- Abolishing the alternative minimum tax, and
- Abolishing the federal gift and estate tax, but disallowing the step-up in basis for estates worth more than $10 million.
The House Republicans’ plan is somewhat different. And because Republicans didn’t reach the 60 Senate members necessary to become filibuster-proof, they may need to compromise on some issues in order to get their legislation through the Senate. The bottom line is that exactly which proposals will make it into legislation and signed into law is uncertain, but major changes are just about a sure thing.
If it looks like you could be eligible for lower income tax rates next year, it may make sense to accelerate deductible expenses into 2016 (when they may be more valuable) and defer income to 2017 (when it might be subject to a lower tax rate). But if it looks like your rates could be higher next year, the opposite approach may be beneficial.
In either situation, there is some risk to these strategies, given the uncertainty as to exactly what tax law changes will be enacted. We can help you create the best year-end tax strategy based on how potential changes may affect your specific situation.
Life insurance can be a powerful financial and estate planning tool, but its benefits may be reduced or even eliminated if you designate the wrong beneficiary or fail to change beneficiaries when your circumstances change.
Here are common pitfalls to avoid:
Naming your estate as beneficiary. Doing so subjects life insurance proceeds to unnecessary state inheritance taxes (in many states), exposes the proceeds to your estate’s creditors and ensures that the proceeds will go through probate, which may delay payment to your loved ones.
Naming minor children as beneficiaries. Insurance companies won’t pay life insurance proceeds directly to minors, which means a court-appointed guardian (who, if you’re divorced, could be your former spouse) will manage the funds until your minor-age children reach the age of majority. A better approach is to designate a trust as beneficiary. This allows you to determine who will manage the funds and how they’ll be distributed to your children.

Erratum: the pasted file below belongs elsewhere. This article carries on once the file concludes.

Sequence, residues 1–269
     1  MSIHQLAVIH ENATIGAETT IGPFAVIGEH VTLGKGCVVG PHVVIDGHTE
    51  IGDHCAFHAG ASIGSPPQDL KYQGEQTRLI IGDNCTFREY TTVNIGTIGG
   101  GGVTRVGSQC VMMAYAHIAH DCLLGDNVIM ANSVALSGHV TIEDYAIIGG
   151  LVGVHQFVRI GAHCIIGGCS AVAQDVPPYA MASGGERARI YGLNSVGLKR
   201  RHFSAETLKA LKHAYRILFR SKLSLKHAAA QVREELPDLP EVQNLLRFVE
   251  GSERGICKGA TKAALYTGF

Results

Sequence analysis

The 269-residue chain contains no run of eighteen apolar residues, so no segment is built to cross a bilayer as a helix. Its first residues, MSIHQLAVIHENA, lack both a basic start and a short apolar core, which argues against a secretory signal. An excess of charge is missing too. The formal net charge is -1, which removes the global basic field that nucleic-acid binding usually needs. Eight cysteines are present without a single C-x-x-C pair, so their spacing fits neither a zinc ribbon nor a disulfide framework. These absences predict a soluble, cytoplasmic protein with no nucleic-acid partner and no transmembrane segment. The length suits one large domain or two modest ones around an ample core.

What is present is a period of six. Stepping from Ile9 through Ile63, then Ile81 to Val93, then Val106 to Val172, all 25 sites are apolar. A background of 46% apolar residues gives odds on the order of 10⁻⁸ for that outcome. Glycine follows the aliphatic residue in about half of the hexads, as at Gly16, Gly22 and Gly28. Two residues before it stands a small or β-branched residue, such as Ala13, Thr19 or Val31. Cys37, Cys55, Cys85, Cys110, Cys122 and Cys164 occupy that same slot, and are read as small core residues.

Naming your former spouse as beneficiary. It’s unlikely that you’d do this intentionally. But if you get divorced and neglect to designate a new beneficiary, this could be the result (even if you’ve updated your will or trust).
For many people, the best strategy is to establish an irrevocable life insurance trust (ILIT) to purchase and own a life insurance policy, and to designate the ILIT as the policy’s beneficiary. For more information on how to best address your life insurance policy in your estate plan, please contact us.
Saving for retirement can be tough if you’re putting most of your money and time into operating a small business. However, many retirement plans aren’t difficult to set up and it’s important to start saving so you can enjoy a comfortable future.
So if you haven’t already set up a tax-advantaged plan, consider doing so this year.
Note: If you have employees, they generally must be allowed to participate in the plan, provided they meet the qualification requirements.
Here are three options:
- Profit-sharing plan. This is a defined contribution plan that allows discretionary employer contributions and flexibility in plan design. You can make deductible 2016 contributions as late as the due date of your 2016 tax return, including extensions — provided your plan exists on Dec. 31, 2016. For 2016, the maximum contribution is $53,000, or $59,000 if you are age 50 or older.
- Simplified Employee Pension (SEP). This is also a defined contribution plan that provides benefits similar to those of a profit-sharing plan. But you can establish a SEP in 2017 and still make deductible 2016 contributions as late as the due date of your 2016 income tax return, including extensions. In addition, a SEP is easy to administer. For 2016, the maximum SEP contribution is $53,000.
- Defined benefit plan. This plan sets a future pension benefit and then actuarially calculates the contributions needed to attain that benefit. The maximum annual benefit for 2016 is generally $210,000 or 100% of average earned income for the highest three consecutive years, if less. Because it’s actuarially driven, the contribution needed to attain the projected future annual benefit may exceed the maximum contributions allowed by other plans, depending on your age and the desired benefit. You can make deductible 2016 defined benefit plan contributions until your return due date, provided your plan exists on Dec. 31, 2016.
Contact us if you want more information about setting up the best retirement plan in your situation.